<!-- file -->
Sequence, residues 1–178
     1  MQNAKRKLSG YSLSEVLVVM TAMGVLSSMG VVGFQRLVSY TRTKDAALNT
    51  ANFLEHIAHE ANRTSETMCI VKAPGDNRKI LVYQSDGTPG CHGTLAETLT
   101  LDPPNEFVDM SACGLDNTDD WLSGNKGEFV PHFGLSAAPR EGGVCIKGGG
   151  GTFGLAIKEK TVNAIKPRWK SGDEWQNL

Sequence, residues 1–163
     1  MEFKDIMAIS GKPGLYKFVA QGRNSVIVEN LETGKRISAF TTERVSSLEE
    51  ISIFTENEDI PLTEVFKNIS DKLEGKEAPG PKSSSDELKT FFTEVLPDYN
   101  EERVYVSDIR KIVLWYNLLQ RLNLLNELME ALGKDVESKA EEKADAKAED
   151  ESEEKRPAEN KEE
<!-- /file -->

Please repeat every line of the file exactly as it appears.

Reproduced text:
Sequence, residues 1–178
     1  MQNAKRKLSG YSLSEVLVVM TAMGVLSSMG VVGFQRLVSY TRTKDAALNT
    51  ANFLEHIAHE ANRTSETMCI VKAPGDNRKI LVYQSDGTPG CHGTLAETLT
   101  LDPPNEFVDM SACGLDNTDD WLSGNKGEFV PHFGLSAAPR EGGVCIKGGG
   151  GTFGLAIKEK TVNAIKPRWK SGDEWQNL

Sequence, residues 1–163
     1  MEFKDIMAIS GKPGLYKFVA QGRNSVIVEN LETGKRISAF TTERVSSLEE
    51  ISIFTENEDI PLTEVFKNIS DKLEGKEAPG PKSSSDELKT FFTEVLPDYN
   101  EERVYVSDIR KIVLWYNLLQ RLNLLNELME ALGKDVESKA EEKADAKAED
   151  ESEEKRPAEN KEE